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The First Amendment in an era of social media

The First Amendment, which guarantees free speech, has long been the lifeblood of our democracy. Yet free speech is based on two expectations: that, even when people are biased, their facts are generally truthful; and that the opinions and ideas that circulate, however disturbing or discriminatory, are attributable to identifiable individuals.

During the past three years, President Trump’s use of Twitter to attack the news media for “fake news” has occurred alongside an exponential growth in social media, which has enabled the spread of partisan information and disinformation whose sources are often not clear. This new world of extremist views, often loosely tethered to facts, has raised the stakes for determining what news is protected by free speech, even if it appears biased, and what news is demonstrably false, but presented as factual with the intention of deceiving the public.

For most Americans, “fake news” debuted as a frightening part of the 2016 elections. Russian social media posts, disguised as American accounts, attempted not only to influence the election in favor of Donald Trump, but to heighten Americans’ distrust in our institutions, especially our elections, and to divide us by race, religion and political views. 

The use of social media to spread disinformation and extremist views is important because two out of three American adults have come to get some of their news on social media. According to a Pew survey released in September of 2018, 43% of Americans get at least some news from Facebook, which also owns Instagram; 21% get some news from YouTube, which is owned by Google; and 12% get some news from Twitter. Just as important, social media is able to target its “news” to those highly engaged partisans most likely to use social media for information and to believe what they read. 

Despite efforts by the technology companies to curtail fraudulent news, Russia and a growing number of other countries continued to influence the 2018 midterm elections by posting misinformation on social media aimed at attacking individual candidates, dampening turnout, stoking distrust in the voting process and amplifying distorted narratives about particular events. 

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What has changed over the past three years is the increasing use of disinformation by American political activists — about voting, political opponents and current events. This was most conspicuous during now- Supreme Court Justice Brett Kavanaugh’s confirmation hearings and in the 2018 coverage of Central American migrants coming toward our border. As a new report by PEN, “Truth on the Ballot: Fraudulent News, the Midterm Elections, and Prospects for 2020,” concludes, we are threatened by a new domestic “normal,” in which the end justifies the means and bogus news promulgated by American politicians, activists and reporters is considered “a distasteful but not disqualifying political tactic.”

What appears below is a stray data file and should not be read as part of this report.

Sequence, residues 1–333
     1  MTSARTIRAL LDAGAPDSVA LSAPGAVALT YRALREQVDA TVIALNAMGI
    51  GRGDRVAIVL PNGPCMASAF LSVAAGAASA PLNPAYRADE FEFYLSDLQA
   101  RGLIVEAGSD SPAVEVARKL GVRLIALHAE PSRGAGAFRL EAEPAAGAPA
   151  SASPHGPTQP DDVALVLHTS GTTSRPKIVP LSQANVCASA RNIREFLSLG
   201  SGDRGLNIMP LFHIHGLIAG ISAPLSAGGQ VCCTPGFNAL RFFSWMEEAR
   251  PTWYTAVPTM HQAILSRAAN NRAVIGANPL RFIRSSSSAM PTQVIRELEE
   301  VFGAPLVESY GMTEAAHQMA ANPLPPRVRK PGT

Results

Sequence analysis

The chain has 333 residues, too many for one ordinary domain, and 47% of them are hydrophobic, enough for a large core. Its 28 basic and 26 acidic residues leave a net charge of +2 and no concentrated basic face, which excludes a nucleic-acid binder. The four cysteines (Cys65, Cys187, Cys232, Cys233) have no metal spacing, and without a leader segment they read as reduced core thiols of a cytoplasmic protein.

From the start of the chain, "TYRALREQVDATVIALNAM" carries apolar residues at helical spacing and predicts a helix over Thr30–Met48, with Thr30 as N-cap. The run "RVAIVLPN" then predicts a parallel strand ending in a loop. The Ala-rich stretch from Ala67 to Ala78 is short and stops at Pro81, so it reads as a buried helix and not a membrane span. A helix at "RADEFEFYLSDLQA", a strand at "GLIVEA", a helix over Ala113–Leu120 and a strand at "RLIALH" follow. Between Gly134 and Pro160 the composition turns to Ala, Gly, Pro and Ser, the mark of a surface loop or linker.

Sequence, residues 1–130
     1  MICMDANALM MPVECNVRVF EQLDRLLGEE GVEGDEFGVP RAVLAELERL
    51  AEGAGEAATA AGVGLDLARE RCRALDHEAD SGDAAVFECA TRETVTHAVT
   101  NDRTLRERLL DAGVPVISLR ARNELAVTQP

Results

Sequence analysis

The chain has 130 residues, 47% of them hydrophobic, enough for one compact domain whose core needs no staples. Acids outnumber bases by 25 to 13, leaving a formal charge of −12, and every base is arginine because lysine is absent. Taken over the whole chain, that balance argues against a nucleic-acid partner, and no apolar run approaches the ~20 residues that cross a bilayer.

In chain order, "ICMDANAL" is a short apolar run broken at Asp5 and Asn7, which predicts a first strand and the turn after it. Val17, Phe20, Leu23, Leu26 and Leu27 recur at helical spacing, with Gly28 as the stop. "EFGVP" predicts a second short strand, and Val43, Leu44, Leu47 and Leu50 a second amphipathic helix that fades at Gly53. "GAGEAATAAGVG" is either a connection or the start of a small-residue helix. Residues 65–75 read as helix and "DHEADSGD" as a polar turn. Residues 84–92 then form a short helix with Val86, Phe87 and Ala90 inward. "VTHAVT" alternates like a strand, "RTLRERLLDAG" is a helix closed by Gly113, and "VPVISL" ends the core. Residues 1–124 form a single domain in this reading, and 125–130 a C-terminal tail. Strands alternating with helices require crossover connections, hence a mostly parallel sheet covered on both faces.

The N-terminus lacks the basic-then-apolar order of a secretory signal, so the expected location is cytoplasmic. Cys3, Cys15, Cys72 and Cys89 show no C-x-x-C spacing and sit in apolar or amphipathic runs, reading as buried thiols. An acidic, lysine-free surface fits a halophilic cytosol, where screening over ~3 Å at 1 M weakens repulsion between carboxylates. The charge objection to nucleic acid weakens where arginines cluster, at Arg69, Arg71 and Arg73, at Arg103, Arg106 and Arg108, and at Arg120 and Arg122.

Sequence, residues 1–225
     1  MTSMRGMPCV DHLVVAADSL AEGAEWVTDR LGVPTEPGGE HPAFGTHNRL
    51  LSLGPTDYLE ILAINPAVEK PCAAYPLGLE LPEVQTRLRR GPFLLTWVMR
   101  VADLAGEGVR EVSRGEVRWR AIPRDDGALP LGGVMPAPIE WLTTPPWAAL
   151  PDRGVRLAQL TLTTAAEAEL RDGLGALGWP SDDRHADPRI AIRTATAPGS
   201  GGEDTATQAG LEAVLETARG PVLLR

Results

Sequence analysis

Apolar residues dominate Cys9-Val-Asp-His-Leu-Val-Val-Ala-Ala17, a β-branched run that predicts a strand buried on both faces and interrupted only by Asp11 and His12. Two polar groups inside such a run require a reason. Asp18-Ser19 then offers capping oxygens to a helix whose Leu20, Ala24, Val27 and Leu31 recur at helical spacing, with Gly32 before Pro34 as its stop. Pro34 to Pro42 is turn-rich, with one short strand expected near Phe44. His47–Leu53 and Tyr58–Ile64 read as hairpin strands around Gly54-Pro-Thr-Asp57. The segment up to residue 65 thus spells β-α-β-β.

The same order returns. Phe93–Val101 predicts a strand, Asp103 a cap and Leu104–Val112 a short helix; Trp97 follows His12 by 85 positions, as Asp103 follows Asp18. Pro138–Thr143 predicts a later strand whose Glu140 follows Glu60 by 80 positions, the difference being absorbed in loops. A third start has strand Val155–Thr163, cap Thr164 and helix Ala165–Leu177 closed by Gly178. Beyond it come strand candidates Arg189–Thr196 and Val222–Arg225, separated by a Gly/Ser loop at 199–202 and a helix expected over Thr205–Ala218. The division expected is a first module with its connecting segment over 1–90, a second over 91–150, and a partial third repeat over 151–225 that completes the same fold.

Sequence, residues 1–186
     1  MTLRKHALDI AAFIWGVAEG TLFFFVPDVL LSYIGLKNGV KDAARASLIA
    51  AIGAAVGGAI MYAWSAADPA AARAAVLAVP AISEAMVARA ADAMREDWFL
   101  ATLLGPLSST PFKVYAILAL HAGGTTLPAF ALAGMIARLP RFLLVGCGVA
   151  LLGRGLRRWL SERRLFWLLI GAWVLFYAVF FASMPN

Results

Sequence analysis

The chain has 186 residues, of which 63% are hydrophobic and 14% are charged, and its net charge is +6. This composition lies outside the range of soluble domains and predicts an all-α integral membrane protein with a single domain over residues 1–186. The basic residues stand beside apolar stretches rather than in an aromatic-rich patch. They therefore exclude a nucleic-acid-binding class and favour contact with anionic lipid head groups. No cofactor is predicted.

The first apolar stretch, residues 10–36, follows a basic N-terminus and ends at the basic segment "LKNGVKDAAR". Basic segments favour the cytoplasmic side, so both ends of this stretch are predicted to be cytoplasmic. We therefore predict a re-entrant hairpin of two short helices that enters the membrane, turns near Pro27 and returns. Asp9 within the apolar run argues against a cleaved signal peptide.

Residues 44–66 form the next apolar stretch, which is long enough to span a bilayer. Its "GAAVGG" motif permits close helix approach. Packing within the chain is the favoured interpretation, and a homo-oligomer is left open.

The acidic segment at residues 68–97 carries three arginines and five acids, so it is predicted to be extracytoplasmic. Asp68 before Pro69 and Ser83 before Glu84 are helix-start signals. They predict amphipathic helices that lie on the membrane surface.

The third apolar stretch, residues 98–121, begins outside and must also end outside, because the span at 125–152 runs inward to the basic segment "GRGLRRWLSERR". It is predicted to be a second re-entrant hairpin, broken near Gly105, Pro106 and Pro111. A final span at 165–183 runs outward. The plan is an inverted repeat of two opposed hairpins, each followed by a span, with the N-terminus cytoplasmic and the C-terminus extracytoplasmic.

The number of misleading political news stories on social media has already surged in advance of the 2020 elections. Fake news stories that went against Democrats and liberals made up 62% of the fraudulent stories on Facebook so far in 2019 and drew 104 million viewers. Of the fraudulent stories on Facebook in 2019, 29% went against Republicans or conservatives and were seen 49 million times, according to Avaaz, a global advocacy group that tracks misinformation.  

Caught between the contradictory pressures to protect free speech, to remove misinformation and to avoid the accusation of being a global censor, Facebook has revised its algorithms for detecting fake news (a fraught project); partnered with third-party fact-checkers; and shut down accounts whose authors appeared fraudulent. Although taking down pages and ads posted by inauthentic sources supposedly avoids the problem of interfering with free speech, critics say that Facebook is not always clear as to why it is deleting a page. Moreover, determining whether the accounts are purchased by the persons or organizations they purport to be is not always easy. 

As our country prepares for an impeachment trial, three years of attacks on our fact-checked mainstream media, along with a steady stream of hyper-partisan social media output, is grievously apparent. Many Americans either do not believe or care about evidence that our president held back military equipment from Ukraine as a bribe to secure dirt on his presumed 2020 opponent, Joe Biden. It is this widespread lack of trust in both the news and our government that threatens our democracy and will have to be rebuilt by whoever becomes our next president. 

Carol Ascher, who lives in Sharon, has published seven books of fiction and nonfiction, as well as many essays and stories.

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